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Crescent Blues Book ViewsCrown Publishing

Family sagas run the danger of turning into maudlin overwrought soap operas, but this first novel about a New Jersey family waiting for the next crisis to erupt proves both honest and heartfelt. The unfolding story, told from six points of view, opens with Catharine, the ailing matriarch trying her best to hold the family together. Granddaughter Gracie with her unplanned pregnancy and unruly life complicates the picture. We watch them pull together under the worst of circumstances and understand that sometimes family connections are only relative.

Book: ann napolitano, within arms reach
As the McLaughlins deal with Catharine's aging, the painful breakup of the rest of the family contributes to a complete meltdown. Childless Aunt Angel attempts to convince Gracie to relinquish her unborn child for adoption by Angel and her husband. Gracie's father rescues a wheelchair-bound uncle whose continuing odd behavior stems from his service in Vietnam. Even Gracie's sister Lila, star of her medical school class and of her family, shows signs of pulling away. Attracted to a local firefighter with an interest in meditation, Lila threatens to chuck her dreams of becoming a doctor to follow her heart.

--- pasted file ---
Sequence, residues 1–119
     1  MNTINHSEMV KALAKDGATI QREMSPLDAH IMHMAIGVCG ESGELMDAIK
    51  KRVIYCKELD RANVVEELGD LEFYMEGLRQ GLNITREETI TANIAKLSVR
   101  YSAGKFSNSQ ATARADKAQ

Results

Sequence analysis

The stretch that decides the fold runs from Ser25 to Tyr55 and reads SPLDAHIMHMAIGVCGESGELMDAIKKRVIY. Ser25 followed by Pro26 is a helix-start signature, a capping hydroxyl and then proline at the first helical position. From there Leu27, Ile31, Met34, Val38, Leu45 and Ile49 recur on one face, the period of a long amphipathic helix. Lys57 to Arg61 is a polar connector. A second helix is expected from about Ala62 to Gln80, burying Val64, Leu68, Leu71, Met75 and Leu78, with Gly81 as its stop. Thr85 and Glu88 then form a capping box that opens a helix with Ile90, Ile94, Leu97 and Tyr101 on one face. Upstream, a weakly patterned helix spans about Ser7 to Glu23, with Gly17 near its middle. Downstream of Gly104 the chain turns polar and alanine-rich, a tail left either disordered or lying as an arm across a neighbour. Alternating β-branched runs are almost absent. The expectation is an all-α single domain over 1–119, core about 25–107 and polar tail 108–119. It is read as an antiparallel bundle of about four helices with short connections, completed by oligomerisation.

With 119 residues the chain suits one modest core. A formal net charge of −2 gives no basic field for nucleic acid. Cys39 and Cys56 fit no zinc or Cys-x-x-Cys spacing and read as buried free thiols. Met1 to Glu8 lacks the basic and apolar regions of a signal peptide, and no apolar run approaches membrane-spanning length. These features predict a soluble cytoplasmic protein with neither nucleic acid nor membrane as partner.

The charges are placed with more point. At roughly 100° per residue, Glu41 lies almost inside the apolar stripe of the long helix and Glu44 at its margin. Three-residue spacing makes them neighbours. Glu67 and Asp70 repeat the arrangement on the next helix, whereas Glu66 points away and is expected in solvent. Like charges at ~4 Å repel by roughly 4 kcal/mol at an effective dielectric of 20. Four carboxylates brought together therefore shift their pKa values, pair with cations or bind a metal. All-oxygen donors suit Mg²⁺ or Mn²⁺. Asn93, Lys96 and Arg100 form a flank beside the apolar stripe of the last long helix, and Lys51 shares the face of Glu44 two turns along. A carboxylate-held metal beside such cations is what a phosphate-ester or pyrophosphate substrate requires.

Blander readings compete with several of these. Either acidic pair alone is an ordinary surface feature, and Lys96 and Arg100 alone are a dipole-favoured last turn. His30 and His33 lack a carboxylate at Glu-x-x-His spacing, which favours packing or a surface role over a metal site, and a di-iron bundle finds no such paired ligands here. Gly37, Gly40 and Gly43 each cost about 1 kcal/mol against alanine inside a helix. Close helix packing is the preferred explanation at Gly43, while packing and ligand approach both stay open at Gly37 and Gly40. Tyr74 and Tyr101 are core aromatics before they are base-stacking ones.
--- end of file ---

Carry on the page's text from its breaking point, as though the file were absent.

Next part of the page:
With this odd assortment of characters to taint family events, Gracie's generation feels no connection to each other. But Catherine, ever the matriarch, refuses to give up. She sees the birth of Gracie's baby as the beginning of something new and as the glue to hold her family together for future generations.

In a lesser writer's hands, the various family stories could grow tedious. Napolitano's skillful writing in this intergenerational old-fashioned story breaks your heart, then makes you laugh in recognition.

Augusta Scattergood

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